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Proc Natl Acad Sci U S A. 1998 Sep 15;95(19):11235-40.

Structural analysis of cloned plasma membrane proteins by freeze-fracture electron microscopy.

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  • 1Department of Physiology, University of California at Los Angeles School of Medicine, Los Angeles, CA 90095-1751, USA. sepehr@physiology.medsch.ucla.edu


We have used freeze-fracture electron microscopy to examine the oligomeric structure and molecular asymmetry of integral plasma membrane proteins. Recombinant plasma membrane proteins were functionally expressed in Xenopus laevis oocytes, and the dimensions of their freeze-fracture particles were analyzed. To characterize the freeze-fracture particles, we compared the particle cross-sectional area of proteins with alpha-helical transmembrane domains (opsin, aquaporin 1, and a connexin) with their area obtained from existing maps calculated from two-dimensional crystals. We show that the cross-sectional area of the freeze-fracture particles corresponds to the area of the transmembrane domain of the protein, and that the protein cross-sectional area varies linearly with the number membrane-spanning helices. On average, each helix occupies 1.40 +/- 0.03 nm2. By using this information, we examined members from three classes of plasma membrane proteins: two ion channels, the cystic fibrosis transmembrane conductance regulator and connexin 50 hemi-channel; a water channel, the major intrinsic protein (the aquaporin 0); and a cotransporter, the Na+/glucose cotransporter. Our results suggest that the cystic fibrosis transmembrane conductance regulator is a dimer containing 25 +/- 2 transmembrane helices, connexin 50 is a hexamer containing 24 +/- 3 helices, the major intrinsic protein is a tetramer containing 24 +/- 3 helices, and the Na+/glucose cotransporter is an asymmetrical monomer containing 15 +/- 2 helices.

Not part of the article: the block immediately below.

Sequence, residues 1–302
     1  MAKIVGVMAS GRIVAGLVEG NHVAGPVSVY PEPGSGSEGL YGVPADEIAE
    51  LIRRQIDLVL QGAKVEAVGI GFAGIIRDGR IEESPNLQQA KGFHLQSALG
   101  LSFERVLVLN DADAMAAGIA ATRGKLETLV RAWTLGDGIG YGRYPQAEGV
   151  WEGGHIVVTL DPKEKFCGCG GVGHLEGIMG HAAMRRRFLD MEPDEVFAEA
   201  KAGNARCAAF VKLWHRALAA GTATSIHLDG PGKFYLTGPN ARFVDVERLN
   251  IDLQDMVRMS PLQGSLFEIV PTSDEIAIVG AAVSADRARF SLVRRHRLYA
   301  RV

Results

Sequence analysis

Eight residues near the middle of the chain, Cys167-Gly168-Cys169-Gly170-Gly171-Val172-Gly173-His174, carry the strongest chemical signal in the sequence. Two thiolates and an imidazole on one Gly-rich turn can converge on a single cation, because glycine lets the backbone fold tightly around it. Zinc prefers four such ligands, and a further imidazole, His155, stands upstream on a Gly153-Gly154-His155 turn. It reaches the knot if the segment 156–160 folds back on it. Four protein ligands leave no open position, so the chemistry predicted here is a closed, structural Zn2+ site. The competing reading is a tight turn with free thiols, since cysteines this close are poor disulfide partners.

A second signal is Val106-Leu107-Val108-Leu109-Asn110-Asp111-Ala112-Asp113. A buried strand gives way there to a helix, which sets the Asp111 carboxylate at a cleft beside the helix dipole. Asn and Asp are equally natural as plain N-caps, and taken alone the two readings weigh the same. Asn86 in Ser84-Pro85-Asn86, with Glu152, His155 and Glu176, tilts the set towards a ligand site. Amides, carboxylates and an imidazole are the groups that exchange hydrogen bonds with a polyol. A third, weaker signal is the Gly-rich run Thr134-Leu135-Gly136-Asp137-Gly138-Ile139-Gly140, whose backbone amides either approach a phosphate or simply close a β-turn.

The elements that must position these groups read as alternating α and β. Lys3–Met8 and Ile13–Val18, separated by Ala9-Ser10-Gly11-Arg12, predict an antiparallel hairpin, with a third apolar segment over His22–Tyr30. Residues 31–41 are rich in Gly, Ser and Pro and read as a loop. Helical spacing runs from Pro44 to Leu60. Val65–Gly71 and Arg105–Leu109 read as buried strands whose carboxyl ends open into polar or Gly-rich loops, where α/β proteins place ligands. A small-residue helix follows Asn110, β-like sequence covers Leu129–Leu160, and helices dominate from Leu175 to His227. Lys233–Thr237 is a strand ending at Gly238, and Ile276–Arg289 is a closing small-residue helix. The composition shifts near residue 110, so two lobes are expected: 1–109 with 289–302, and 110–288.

[PubMed - indexed for MEDLINE]
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